This creates a biological mess and destroys sleep patterns.
I am a stickler about no screen time after 4 or 5 pm which includes TV. When I bend this rule and allow TV later in the day, sleep suffers.
I wear these blue light blocking glasses when work on the computer after dinner.
Climbing into a comfy bed can definitely help kids fall asleep (and stay asleep). These pillows are my favorite because they are made from organic materials, they don’t need a pillowcase, and the best part–they are washable.
Most kids have trouble winding down at the end of the day. Their little brains and bodies work so hard to learn new things and it can be tough to shut that off.
Be sure to nix any over stimulating activities by dinner time to avoid sleep problems in children (which includes TV or any other screens).
I usually add a couple of drops of Lavender essential oil to the bath as well to promote calmness. Lavender is quite relaxing and is wonderful to diffuse in the bedroom at night. I use an essential oil diffuser like this so I have the option to not use the light function.
Quiet (but not too quiet)
I don’t think I would EVER be able to fall asleep without white noise and my 15 year old son is the same.
There are also many different sleep sound machines on the market to choose from that will give you tons of options for your sleepy time noise.
A favorite stuffed animal (we call them loveys) or a beloved blanket can provide comfort for children and help them relax into sleep. The boys have to have their loveys chosen BEFORE we read the bedtime stories and can’t change their mind after they choose.
Weighted blankets are quite popular and the benefits are many. The ‘pressure’ that the blanket provides can have a soothing, calming effect.
Researchers have also found that applying pressure to certain areas of the body releases Serotonin and Melatonin which are required for healthy sleep cycles (among other things).
One of our twins, Beckem, was born with an extremely rare disorder called KAT6A. He has many struggles, one being sensory processing disorder. He craves deep pressure and a weighted blanket can provide that sensory input for him.
Beckem also LOVES snuggle sheets like this!
Bedtime reward chart
My boys love a reward chart and will put forth all of their effort to get to move their smiley face and receive a tiny prize!
I created a very simple chart that hangs on the wall and if the boys stay in bed all night (or whatever the sleep goal might be) then they get to place the smiley face on the picture of the child in bed.
When they were toddlers, they only had to reach their goal one night at a time to be rewarded.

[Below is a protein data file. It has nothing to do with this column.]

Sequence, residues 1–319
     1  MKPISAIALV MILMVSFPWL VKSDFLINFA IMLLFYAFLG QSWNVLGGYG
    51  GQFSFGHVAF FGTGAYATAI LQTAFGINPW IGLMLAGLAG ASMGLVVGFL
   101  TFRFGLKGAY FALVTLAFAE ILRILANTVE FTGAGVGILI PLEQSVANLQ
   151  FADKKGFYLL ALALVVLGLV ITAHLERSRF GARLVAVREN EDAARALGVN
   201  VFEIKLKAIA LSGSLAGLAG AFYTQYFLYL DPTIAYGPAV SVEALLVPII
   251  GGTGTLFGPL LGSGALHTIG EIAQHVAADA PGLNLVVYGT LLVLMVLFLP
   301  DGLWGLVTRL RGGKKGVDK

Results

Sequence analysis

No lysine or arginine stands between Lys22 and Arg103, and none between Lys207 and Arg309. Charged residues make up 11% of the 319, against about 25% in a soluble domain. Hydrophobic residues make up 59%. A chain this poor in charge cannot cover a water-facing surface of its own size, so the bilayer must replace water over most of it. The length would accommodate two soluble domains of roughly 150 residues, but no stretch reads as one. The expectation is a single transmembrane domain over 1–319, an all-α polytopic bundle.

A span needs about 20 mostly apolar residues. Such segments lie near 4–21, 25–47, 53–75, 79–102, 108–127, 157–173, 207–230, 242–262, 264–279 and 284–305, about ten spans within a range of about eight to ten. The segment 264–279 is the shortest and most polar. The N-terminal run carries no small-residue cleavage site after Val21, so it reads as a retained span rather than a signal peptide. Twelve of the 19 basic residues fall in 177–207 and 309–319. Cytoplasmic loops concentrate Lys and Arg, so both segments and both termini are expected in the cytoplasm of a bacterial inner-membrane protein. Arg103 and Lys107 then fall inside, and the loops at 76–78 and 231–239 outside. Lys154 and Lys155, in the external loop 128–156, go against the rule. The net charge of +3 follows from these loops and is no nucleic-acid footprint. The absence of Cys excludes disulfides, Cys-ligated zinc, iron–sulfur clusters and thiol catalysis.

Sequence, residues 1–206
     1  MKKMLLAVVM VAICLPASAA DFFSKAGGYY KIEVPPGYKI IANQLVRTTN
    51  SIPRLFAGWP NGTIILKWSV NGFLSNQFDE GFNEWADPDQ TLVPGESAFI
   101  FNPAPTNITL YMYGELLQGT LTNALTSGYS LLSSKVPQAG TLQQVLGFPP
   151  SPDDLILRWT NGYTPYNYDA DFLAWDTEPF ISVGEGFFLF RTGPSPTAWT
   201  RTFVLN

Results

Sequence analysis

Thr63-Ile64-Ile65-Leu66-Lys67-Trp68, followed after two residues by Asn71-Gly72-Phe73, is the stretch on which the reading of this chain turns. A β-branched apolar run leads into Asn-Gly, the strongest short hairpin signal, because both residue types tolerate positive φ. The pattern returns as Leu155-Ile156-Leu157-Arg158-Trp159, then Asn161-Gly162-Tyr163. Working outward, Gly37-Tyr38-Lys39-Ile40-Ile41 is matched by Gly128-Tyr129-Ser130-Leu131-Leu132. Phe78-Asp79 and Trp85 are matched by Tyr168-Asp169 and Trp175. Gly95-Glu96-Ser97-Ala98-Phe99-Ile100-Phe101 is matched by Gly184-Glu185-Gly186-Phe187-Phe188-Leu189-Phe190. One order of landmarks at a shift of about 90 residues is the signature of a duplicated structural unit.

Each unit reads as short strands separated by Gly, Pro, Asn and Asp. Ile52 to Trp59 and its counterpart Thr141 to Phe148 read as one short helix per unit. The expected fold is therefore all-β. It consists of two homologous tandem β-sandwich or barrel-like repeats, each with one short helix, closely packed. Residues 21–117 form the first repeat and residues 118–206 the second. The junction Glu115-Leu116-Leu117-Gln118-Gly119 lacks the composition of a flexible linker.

When they were 4 and started waking during the night again, I added three nights to the bedtime chart. So they had to stay in bed 3 nights in a row to earn the prize.
The prize is always something very simple. Usually they get to choose a prize from mommy’s treasure box (filled with random small dollar store items), and extra screen time is a big motivator for both boys.
Helpful tip: I always tell them what the reward will be beforehand.
They love the visual reinforcement just as much as they love the prize they receive. By the time they have stayed in bed three nights in a row, the bedtime problem is solved and we take the chart down.
When nothing is working
It might be time to consider Melatonin. Melatonin is a hormone that is made in our brain and it regulates our sleep cycles. It can be purchased as a supplement and because it’s a supplement and not a medicine, it’s not regulated by the FDA.
Although I felt assured that a high quality Melatonin supplement would be perfectly safe, I didn’t try it until age 4 with Adler. When we had the time change for daylight savings time, it completely disrupted Adler’s sleep routine. I tried every single trick I knew, but nothing was helping.
His lack of sleep was affecting everything and essentially ruining everyone’s days.
I extensively researched Melatonin supplements and decided that the benefits of trying one would be far more beneficial than any possible negative effects the supplement might have.
In addition, I got the okay from our pediatrician as well.
I chose this Melatonin supplement and gave a very small dose (.5 mg) about 30 minutes before bedtime.
It worked the first night.
We only used it for a few nights and his sleep cycle returned to normal. Now, we only use it every now and then when needed. It seemed to be exactly what his body required to get things back in sync.
What are your best sleep hacks for kids? Do you have any secrets for how to get kids to sleep and to stay asleep?
All content here should be considered as opinion only. Always seek the advice of your own health professional for any questions or concerns you may have regarding your health or the health of others See full disclaimer.